Cancer-fighting pink pineapples, heart-healthy purple tomatoes and less fatty vegetable oils may someday be on grocery shelves alongside more traditional products. These genetically engineered foods could receive government approval in the coming years, following the OK recently given to apples that don't brown and potatoes that don't bruise.
Researchers have developed a new drug release gel, which may help avoid some of the side effects...
Tiny, burrowing reptiles known as worm lizards became widespread long after the breakup of the...
Common among athletes and soldiers, it is estimated that 3.4 million concussions occur each year in the U.S. The development of a readily available oral supplement would have the potential to improve brain function in a percentage of concussion sufferers. A study suggests antioxidants may play a key role in reducing the long-term effects of concussions and could potentially offer a unique new approach for treatment.
Research has found that some— but not all— of the ant species on the streets of Manhattan have developed a taste for human food, offering insight into why certain ants are thriving in urban environments. The findings stem from a study that tested isotope levels in New York City ants to determine the makeup of their diet.
Tiny, burrowing reptiles known as worm lizards became widespread long after the breakup of the continents, leading scientists to conclude that they must have dispersed by rafting across oceans soon after the extinction of the dinosaurs, rather than by continental drift as previously thought.
A drug, AZD05030, proved disappointing in treating solid tumors but appears to block damage triggered during the formation of amyloid-beta plaques, a hallmark of Alzheimer’s disease. A new study, funded by an NIH program to test failed drugs on different diseases, has led to the launch of human trials to test the efficacy of the drug in Alzheimer’s patients.
Physicists have shed light on the intricate dynamics underpinning a mysterious tongue condition that has been puzzling the medical community for decades. Known as geographic tongue, the condition affects around 2 percent of the population and is characterized by evolving red patches on the surface of the tongue that can have a map-like resemblance.
For more than 50 years, scientists had tantalizing clues suggesting that a tiny, boreal forest songbird departs each fall from New England and eastern Canada to migrate nonstop in a direct line over the Atlantic Ocean toward South America. Now, biologists are reporting "irrefutable evidence" that the birds complete a nonstop flight ranging from about 1,410 to 1,721 miles in just two to three days.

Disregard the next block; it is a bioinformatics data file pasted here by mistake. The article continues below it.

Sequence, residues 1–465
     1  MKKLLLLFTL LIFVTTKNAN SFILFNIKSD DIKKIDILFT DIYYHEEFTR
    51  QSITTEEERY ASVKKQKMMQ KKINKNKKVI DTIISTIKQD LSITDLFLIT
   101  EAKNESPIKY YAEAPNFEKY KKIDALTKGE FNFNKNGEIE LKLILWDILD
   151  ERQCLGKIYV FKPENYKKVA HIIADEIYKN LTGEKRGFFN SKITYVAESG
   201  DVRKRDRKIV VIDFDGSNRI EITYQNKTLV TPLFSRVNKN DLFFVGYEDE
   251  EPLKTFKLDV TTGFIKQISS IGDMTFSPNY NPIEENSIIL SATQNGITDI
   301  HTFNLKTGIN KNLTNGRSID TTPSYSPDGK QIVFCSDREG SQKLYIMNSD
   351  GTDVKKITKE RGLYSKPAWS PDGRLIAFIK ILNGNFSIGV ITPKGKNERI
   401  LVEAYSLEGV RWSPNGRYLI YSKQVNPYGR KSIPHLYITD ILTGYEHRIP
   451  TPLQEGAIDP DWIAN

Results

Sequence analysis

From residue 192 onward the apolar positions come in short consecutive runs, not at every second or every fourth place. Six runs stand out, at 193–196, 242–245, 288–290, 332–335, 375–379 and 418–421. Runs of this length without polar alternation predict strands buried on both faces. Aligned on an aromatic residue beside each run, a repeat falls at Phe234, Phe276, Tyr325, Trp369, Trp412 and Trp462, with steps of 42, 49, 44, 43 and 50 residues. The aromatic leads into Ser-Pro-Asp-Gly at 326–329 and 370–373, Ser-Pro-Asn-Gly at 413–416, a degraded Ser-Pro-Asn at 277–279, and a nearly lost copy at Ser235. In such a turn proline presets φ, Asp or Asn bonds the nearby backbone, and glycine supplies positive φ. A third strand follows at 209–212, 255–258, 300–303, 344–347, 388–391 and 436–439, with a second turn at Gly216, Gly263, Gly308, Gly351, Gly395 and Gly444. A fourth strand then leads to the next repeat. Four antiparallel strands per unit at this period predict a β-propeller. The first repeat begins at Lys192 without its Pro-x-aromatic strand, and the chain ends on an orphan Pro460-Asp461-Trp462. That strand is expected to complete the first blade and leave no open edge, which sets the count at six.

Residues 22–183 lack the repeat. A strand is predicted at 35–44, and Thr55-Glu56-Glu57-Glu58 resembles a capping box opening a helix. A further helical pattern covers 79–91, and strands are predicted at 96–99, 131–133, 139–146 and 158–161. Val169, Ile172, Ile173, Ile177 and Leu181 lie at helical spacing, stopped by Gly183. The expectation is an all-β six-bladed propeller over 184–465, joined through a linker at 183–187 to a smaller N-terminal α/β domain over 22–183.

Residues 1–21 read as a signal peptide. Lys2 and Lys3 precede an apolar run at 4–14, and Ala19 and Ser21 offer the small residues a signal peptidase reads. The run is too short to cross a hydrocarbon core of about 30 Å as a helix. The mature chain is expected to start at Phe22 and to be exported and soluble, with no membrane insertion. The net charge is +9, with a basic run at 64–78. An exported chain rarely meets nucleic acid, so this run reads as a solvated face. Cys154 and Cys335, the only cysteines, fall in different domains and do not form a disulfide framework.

Researchers are making progress in using computer modeling and 3-D shape analysis to understand how the unique grasping tails of seahorses evolved. These prehensile tails combine the seemingly contradictory characteristics of flexibility and rigidity, and knowing how seahorses accomplish this feat could help engineers create devices that are both flexible and strong.
When it comes to survival of the fittest, it's all about your mother— at least in the squirrel world. New research shows that adaptive success in squirrels is often hidden in the genes of their mother.
Babies receiving poor nutrition in the womb tend to be smaller at birth, which has been linked to the development of obesity and other health problems later in life. A new study examines how poor fetal nutrition affects protein expression in the fat tissue of adult rats, revealing key differences between males and females.
The desert pupfish has been playing evolutionary catch-up because of the extreme changes in its environment over the last 10,000 years. The shrinking scope of its natural habitat has caused the pupfish to adapt in a surprising way— it essentially goes without oxygen for up to five hour stretches.
The natural, untreated cotton in tampons readily absorbs optical brighteners— chemicals used to enhance whites and brighten colors— that show up under UV light. Using a mix of tests and field trials, researchers have shown that when tampons are suspended in water contaminated by even very small amounts of detergents or sewage, they will pick up optical brighteners and glow under UV light.